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Author Topic: Frank Shorter Runs with Resurfacing  (Read 3636 times)

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Canadian-Ice

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Frank Shorter Runs with Resurfacing
« on: May 17, 2014, 02:45:19 PM »
Hi Folks,

I thought this article might be interesting for all those folks making choices about the parameters of their running with hip resurfacing. So I've posted this article on 66 year old great Olympian Frank Shorter who had his hip resurfaced in 2009.

For a variety of reasons, he's choosing not to race anymore. But he still runs 45-60 minutes a day at 75% and has an impressive overall fitness program.

http://articles.latimes.com/2014/apr/11/health/la-he-5q-frank-shorter-20140411

Hope it's interesting.

johnd_emd

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Re: Frank Shorter Runs with Resurfacing
« Reply #1 on: May 18, 2014, 06:30:51 AM »
Seems like a sensible guy.  I'm kinda at that stage now after this recent crash.  I'm 54 and have still been training like I was in my 20's and racing PRO 1-2 RACES.  You just come to that point in time where it's not about you any more.  I have several lovely kids to raise.  I'm blessed I got my hip to keep me mobile and it's a more sensible, balanced way to look at life.  Good article.
Dr. Rector
Feb. 1
Rt Hip Resurfacing
Birmingham

Canadian-Ice

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Re: Frank Shorter Runs with Resurfacing
« Reply #2 on: May 21, 2014, 02:53:22 PM »

Yeah, it seems the middle path isn't a bad one to take. Evidence we have suggests no affect of impact on longevity of a properly installed BHR. Giving up impact altogether would be a bit of a flinch at this point. But we don't have proof that high levels of impact won't eventually shorten the lifespan of the hip system. So if you love it, keep doing it. Just mix it up. My thoughts.

The oft overlooked part of the equation seems to me: what happens if a resurfacing does require revision? If a revision is as good as the original and lasts a lifetime, it's nothing to fear.

Well, we aren't there yet, I guess. And of course there are many possible reasons for revision, each with different results in terms of longevity and rigor.  My basic understanding is that resurfacings can be revised to a new resurfacing in some cases. But in the event of failure after many decades, which is what we are talking about in discussing impact sports, we are probably talking about aseptic loosening, in which case the person just gets a new, primary THR. And, there are people running on those, too.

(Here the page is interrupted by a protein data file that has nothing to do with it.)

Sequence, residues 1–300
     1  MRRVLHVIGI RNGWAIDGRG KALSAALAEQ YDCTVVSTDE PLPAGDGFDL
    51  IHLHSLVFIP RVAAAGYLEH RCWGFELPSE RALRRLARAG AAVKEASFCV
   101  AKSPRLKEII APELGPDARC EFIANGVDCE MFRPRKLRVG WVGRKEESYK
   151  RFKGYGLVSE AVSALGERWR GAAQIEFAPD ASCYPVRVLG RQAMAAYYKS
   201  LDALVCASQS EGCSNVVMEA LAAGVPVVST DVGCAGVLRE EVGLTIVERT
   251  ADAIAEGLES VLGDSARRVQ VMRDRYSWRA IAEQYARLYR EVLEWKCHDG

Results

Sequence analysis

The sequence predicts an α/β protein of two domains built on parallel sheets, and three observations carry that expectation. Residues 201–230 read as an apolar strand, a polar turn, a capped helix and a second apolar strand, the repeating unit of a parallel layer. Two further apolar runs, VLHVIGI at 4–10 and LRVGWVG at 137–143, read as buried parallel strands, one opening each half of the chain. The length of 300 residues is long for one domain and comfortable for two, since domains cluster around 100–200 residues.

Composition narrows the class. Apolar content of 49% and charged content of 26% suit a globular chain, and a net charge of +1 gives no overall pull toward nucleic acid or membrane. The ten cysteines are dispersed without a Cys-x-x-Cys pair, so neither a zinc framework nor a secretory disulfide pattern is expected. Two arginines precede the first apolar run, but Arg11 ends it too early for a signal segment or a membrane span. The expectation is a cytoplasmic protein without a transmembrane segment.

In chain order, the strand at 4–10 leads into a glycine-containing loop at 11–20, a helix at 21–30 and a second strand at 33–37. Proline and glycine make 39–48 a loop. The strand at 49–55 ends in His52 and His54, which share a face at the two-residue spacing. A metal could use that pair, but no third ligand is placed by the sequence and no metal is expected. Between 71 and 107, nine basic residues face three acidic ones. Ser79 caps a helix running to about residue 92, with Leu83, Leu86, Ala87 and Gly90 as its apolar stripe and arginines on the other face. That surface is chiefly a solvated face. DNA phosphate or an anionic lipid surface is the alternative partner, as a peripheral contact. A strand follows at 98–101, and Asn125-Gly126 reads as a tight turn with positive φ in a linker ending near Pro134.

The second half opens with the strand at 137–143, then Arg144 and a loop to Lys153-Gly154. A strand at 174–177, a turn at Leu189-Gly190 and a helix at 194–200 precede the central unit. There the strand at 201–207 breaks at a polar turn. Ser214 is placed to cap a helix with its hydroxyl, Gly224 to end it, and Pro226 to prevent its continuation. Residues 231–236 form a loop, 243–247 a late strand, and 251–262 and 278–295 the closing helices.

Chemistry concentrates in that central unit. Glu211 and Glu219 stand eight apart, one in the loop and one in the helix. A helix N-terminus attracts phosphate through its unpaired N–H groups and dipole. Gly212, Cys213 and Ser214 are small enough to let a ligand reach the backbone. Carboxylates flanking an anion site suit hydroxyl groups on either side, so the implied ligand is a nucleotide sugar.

If it were an acetabular cup that needed revision on THR or resurfacing, there is more bone taken out, and possibly bone grafts, and considerably more restriction with NO impact sports on the new Revision, as of 2014. Plus another revision not too far away. A major study on PubMed followed a large group of Revision THRs (from other THRs) for 15 years ending in 2006 and found about 73% survived 15 years, with a senior citizen cohort.

If we could have evidence to show, say, THR Revisions with revised acetabular cups lasting 25-30 years we would be in better territory. I'm sure that's possible with todays technology, But with these surgeries a lot has to come down to surgeon skill, diligence and athleticism of the patient, and so on.

Arrojo

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Re: Frank Shorter Runs with Resurfacing
« Reply #3 on: May 30, 2014, 02:05:24 AM »
Well, no training above 70% max effort doesn't work for sprinting. Sprint workouts require 90-95% effort, where it's quality over quantity. I would argue that piling up the miles puts more stress on the implant than simply pushing yourself and running fast.
Dr. Su
RBHR 4/9/12

Canadian-Ice

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Re: Frank Shorter Runs with Resurfacing
« Reply #4 on: May 31, 2014, 02:37:00 AM »
 I've woundered about that very question too. Does sprinting put more stress on the resurfacing fit even though the stress happens for only 10-30 seconds a set? I'm not sure how we can know the answer to that....

Also woundering about the effects of workouts that target all the glutes and hip stabilizers. How does that affect hip longevity for runners?

Another factor might be angles. How does running uphill compare with downhill?

Lots of decisions to make, I guess, whether a runner has OA or any device.








 

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